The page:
6.  How much does the topology of a BPF affect signal integrity?  In order to save space, my BPF currently has a  U shape to it (marked in green on the V2 PCB image).  The first two shunts aren't highlighted, but when it goes through the second cap and inductor I have it make a hard turn, and then out of the inductor into coupling cap with another hard turn.  Would it help anything to straighten out the path the signal takes?

7. The various controller boards I am using (STM32 mainly, but also and ESP32 board, and Arduino Uno for some testing), have a lot of noise on the 3.3V pin.  I initially thought that since I had caps at the Vin pins of the LNAs and the SI5351 that it wouldn't matter, but since I decided the board, I have learned a bit more about current loops and how they can cause more EMI to be radiated.  I assume some caps at the 3.3V pin to ground would help to avoid there being large current loops over the width of the board.

8. The op amp circuit is one I found on stack exchange as I was learning a lot of this.  it didn't have a cap on the power input of the op amp, so I didn't put a cap on the power input of the op amp.  The guy went through a nice detailed description of what ever component did in the circuit, so I didn't think much of it.  The noise on the 3.3V power plane really affects the output of the op amp though, if I put the caps at the 3.3V pin for the whole board, would it hurt to still have them right at the op amp?

Not using standard stripline techniques?  Yes, signal path best dead straight, or at most 45 degree bends.  I don't understand your grounding - the top layer appears to have grounded parts without a via to ground.  Or if its a ground plane where are the stitching vias down the internal groundplane?  Bad grounding will leak RF everywhere.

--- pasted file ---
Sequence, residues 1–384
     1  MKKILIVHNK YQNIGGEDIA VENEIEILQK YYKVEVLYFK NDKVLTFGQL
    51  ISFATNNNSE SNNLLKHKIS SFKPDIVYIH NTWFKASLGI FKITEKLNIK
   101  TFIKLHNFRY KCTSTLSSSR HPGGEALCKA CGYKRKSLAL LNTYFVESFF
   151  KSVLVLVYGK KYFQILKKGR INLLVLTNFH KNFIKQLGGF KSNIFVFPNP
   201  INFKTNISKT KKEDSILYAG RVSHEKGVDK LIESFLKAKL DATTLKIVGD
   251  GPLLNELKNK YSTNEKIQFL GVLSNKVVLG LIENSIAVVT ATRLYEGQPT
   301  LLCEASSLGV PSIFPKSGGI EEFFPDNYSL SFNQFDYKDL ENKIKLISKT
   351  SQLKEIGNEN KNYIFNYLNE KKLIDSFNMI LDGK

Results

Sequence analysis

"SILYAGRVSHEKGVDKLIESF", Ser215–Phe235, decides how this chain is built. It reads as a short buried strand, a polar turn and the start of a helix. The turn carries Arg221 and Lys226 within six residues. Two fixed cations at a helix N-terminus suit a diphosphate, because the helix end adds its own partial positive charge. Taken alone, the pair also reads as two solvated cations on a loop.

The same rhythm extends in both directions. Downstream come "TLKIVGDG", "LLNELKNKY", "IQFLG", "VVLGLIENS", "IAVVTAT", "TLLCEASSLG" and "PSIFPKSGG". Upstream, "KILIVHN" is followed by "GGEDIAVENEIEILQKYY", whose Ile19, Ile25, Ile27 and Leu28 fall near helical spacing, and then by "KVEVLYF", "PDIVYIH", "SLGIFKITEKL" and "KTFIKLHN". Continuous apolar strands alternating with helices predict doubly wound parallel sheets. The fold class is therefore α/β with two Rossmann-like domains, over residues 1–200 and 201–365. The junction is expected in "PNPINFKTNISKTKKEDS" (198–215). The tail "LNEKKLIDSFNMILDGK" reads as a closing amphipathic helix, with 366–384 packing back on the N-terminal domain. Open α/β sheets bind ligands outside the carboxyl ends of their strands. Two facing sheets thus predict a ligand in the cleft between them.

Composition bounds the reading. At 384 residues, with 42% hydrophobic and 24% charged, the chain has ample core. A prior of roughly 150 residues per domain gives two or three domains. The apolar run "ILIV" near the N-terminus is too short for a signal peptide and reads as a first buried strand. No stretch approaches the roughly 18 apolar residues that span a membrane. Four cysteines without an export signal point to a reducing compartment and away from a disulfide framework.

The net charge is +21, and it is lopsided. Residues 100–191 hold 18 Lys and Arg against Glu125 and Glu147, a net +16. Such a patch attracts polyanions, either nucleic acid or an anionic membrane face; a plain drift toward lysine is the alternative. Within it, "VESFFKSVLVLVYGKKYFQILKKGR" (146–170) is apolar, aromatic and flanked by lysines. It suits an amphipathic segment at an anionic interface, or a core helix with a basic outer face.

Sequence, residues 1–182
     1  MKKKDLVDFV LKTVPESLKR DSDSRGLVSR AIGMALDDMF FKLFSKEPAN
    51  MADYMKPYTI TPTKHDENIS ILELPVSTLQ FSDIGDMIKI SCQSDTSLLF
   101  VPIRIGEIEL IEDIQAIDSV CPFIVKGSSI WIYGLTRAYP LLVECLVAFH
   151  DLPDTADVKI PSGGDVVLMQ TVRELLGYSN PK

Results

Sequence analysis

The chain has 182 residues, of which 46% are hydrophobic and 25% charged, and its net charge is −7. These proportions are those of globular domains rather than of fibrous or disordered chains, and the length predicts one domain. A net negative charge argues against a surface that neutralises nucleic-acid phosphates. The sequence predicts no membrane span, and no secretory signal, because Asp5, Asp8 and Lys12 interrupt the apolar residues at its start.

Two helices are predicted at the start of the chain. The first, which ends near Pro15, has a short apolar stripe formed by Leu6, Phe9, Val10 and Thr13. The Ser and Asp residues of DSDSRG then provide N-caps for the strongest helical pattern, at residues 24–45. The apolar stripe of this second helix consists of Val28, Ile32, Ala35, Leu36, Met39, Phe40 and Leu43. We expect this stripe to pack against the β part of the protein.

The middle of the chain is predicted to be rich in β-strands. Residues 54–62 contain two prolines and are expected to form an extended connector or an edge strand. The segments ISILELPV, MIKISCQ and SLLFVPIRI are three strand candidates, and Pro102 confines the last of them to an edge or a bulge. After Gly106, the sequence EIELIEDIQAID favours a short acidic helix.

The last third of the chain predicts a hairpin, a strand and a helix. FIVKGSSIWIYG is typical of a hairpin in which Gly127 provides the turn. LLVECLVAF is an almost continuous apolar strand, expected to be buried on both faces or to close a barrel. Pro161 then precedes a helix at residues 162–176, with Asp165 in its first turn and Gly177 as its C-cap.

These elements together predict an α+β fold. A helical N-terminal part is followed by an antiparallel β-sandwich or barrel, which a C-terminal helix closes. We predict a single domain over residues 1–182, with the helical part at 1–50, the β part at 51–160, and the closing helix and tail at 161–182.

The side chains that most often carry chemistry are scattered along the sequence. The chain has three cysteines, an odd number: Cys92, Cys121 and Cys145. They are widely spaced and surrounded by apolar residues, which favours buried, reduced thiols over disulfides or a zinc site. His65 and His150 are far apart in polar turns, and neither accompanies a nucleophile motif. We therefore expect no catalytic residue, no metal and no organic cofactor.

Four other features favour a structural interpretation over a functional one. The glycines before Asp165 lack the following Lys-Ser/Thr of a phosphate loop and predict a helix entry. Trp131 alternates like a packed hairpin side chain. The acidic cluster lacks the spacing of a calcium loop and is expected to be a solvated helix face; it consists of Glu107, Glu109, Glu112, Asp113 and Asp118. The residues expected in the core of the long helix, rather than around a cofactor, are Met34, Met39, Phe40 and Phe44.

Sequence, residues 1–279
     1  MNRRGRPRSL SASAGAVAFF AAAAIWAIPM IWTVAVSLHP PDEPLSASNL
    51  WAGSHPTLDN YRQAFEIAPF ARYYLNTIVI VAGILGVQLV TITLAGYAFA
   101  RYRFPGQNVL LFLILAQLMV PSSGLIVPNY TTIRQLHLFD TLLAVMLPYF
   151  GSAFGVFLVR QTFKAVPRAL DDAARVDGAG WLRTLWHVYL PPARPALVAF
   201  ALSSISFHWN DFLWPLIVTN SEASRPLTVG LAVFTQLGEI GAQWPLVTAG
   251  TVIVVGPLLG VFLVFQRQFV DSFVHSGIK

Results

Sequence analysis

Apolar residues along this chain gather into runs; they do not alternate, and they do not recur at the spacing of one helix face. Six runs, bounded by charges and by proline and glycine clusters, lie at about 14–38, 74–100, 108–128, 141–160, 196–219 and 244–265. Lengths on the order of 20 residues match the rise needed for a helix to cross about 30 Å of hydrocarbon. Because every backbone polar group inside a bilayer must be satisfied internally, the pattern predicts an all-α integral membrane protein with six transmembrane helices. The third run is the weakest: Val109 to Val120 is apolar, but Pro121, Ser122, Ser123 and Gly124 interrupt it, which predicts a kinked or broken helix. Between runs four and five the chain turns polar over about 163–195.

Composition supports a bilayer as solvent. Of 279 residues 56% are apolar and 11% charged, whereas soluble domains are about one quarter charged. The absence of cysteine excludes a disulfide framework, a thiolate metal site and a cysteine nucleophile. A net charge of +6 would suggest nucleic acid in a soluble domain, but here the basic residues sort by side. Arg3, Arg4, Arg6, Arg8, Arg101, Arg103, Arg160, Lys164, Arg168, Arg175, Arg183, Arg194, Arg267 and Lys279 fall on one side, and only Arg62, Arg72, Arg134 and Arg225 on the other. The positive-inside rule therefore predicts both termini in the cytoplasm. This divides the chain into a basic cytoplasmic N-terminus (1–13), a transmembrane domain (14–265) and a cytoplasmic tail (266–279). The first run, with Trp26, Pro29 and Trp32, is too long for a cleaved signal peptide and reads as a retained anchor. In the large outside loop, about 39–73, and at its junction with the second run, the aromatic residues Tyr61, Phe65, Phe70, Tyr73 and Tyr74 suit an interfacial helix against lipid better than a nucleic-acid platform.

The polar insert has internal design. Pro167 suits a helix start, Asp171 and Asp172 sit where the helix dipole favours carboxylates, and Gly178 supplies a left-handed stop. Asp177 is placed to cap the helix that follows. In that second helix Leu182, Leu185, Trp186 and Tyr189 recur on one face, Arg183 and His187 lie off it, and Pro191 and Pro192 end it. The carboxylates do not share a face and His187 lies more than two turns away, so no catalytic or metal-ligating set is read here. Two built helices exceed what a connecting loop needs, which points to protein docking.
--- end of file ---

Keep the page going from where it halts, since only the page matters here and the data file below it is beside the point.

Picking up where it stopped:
--- Quote from: MarkT on February 05, 2024, 09:05:15 pm ---Not using standard stripline techniques?
--- End quote ---

Define standard techniques.  I do know I messed up the trace width for 50ohm impedance.

--- Quote ---I don't understand your grounding - the top layer appears to have grounded parts without a via to ground.  Or if its a ground plane where are the stitching vias down the internal groundplane?  Bad grounding will leak RF everywhere.

--- End quote ---

Top layer gets filled, and the pads get connected to the fil, which connects to the GND pin, and also do some GND vias.

Stripline is normally straight, perhaps 45 degree bends if necessary, use SMT parts ideally of the same width as the line for series components, and for components to ground they go off at 90 degrees, spaced apart from each other.  Topside ground plane needs to be a consistent clearance from the stripline, with stitching vias all along the edge.  No breaks in groundplane under the stripline.  And above all get the impedance close to 50 ohms (you may need to experiment, or get this info from the PCB manufacturer).

The RF filter design does not look realistic to me. It looks like you assumed the lumped components behave ideally at RF, but they don’t, specially those 560nH inductor.

The crosstalk may also come from the limited RF to LO isolation and the complete lack of isolation at the LO distribution network.

I would change the IF low pass filter to a diplexer to properly terminate the IF port at LO frequency into 50ohm and avoid LO-IF leakage reflection going back into the mixer and degrading its performance.

BTW, what about image rejection with so low IF frequency?